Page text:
There’s nothing like cheering up your day with a little light reading on the bubonic plague – the scourge that swept through Eurasia, the Middle East and Europe and eliminated up to 1/3 of the population as it went. Although precise death counts will never be possible due to inflated numbers due to panic, 1/3 of Europe’s population in the 14th century would equal approximately 20 million people. To those living through the horror, it truly must have seemed like the end of the world.
Already battered by the economic devastation wrought by the Little Ice Age which led to famines over much of Europe, the onset of the plague devastated an already weak economy both in social terms and in economic resources, the workforce and social order.
The Bubonic plague came to Europe on the flea infested rats on boats that landed in the harbor of Messina. The plague came in two forms simultaneously – one was a blood infection that manifested in the infamous buboes as well as massive internal bleeding which was spread by human contact, the other was airborne and manifested as a respiratory infection. It moved devastatingly fast, causing death anywhere from a few hours to a few days after initial infection, with many cases reported of people falling asleep healthy and never waking up. The plague was not a one-hit-wonder. It came and went repeatedly in spurts between 1347 and 1369, wiping out entire villages throughout the European countryside and wreaking havoc on the densely populated city areas, resulting in the deaths of between 50-70% of some urban areas.
Virtually all reports of the plague, however, share disturbing similarities. People were dying faster than the dead could be disposed of properly. Mass graves were dug. Unburied bodies were often left for days at a time as the living struggled to cope with the load, with more dead being constantly added. Burials were often hasty, and graves were shallow and unprotected only to be dug up by dogs or other animals, further distressing those left behind. In many convents, monasteries, prisons and other closed communities, a single living person was left among the dead, waiting for the plague to come for them as well. In at least one instance, the single remaining live inhabitant left a record of the plague until he, too, was claimed by the plague himself, only to have his memoirs completed in another hand by someone else arriving at the scene. By the end of the 14th century, the population of Europe as a whole was halved.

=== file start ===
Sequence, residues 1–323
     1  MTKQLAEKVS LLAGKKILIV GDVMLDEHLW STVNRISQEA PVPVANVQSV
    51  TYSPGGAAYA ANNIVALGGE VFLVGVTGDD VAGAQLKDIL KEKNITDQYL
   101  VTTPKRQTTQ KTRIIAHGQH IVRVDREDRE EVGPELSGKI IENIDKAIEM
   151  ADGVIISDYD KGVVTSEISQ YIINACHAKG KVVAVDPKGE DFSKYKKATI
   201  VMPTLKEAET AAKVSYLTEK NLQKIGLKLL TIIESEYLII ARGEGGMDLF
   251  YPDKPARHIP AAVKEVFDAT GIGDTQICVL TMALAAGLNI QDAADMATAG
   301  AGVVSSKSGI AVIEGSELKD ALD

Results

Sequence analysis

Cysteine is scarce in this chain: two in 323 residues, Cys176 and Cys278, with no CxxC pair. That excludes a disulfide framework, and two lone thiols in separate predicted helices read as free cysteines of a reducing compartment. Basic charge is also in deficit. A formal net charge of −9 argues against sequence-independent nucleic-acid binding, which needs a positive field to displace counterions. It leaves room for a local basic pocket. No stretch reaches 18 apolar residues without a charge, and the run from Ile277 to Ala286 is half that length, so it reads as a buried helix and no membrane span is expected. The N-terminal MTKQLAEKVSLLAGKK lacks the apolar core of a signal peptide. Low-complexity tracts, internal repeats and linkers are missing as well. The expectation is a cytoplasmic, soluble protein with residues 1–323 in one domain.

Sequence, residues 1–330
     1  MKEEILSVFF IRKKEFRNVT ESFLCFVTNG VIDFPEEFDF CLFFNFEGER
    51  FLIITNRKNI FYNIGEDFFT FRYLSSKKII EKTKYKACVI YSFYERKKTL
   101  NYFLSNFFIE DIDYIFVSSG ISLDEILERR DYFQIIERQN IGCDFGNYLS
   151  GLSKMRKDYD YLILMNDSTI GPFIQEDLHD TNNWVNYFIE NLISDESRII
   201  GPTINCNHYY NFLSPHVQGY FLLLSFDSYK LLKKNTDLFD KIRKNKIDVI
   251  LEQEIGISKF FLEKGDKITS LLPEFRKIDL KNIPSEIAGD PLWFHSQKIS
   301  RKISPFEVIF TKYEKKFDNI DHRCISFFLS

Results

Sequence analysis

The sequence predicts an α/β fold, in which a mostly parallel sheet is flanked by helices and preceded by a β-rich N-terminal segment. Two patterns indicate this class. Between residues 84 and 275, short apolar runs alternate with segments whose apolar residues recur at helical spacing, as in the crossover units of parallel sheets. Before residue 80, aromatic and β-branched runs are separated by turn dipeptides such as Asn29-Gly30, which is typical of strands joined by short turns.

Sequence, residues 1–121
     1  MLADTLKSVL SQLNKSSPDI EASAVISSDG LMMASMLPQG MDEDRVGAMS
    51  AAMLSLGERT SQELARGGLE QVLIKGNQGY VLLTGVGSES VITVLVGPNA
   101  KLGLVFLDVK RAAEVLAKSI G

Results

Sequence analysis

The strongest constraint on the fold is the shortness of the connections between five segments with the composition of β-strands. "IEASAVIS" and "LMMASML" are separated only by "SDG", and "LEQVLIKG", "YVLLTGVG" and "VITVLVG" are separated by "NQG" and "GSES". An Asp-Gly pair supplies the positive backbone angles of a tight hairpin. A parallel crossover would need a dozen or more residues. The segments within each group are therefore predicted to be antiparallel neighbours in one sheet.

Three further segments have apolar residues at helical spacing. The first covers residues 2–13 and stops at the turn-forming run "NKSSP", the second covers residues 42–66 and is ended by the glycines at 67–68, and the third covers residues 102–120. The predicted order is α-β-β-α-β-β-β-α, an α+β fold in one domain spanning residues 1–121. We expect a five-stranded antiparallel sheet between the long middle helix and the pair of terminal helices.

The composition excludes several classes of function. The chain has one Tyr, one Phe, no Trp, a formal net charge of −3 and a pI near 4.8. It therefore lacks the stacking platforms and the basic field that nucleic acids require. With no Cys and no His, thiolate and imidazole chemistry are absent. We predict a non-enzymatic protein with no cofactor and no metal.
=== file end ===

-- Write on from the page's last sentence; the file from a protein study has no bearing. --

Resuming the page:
Outbreaks of the plague also caused religious anxiety as priests were dying off just like common people. With too many dead or dying and not enough priests to administer last rights or preside over a burial, laypeople were allowed to administer last rights to their friends, neighbors and family members when a priest could not attend. This also included women being able to hear last confessions if no man was present by edict of the pope.
One of the lingering horrors after the pestilence had passed was the effect that it took on society overall. Scapegoats were not unheard of – the most common targets being either Jews (most likely targeted for financial reasons as much as the blame for the plague) or witchcraft. Contrary to common perception, the medieval mind did not focus too much attention on witches, but that began to change at the end of the 14th century, continuing on into the 15th.
The Bubonic plague is a disturbing and fascinating subject that is far from concise, and I’ll have to revisit it again in the future. It is simply one of several crises that arose in the 14th century, and there is much more to dive into at some future point.
Further reading about the plague outbreaks and its connection to the 20th century can be found here
“The Disastrous 14th Century” University of Wisconsin
“Notes on Fourteenth-Century History” Public.WSU.edu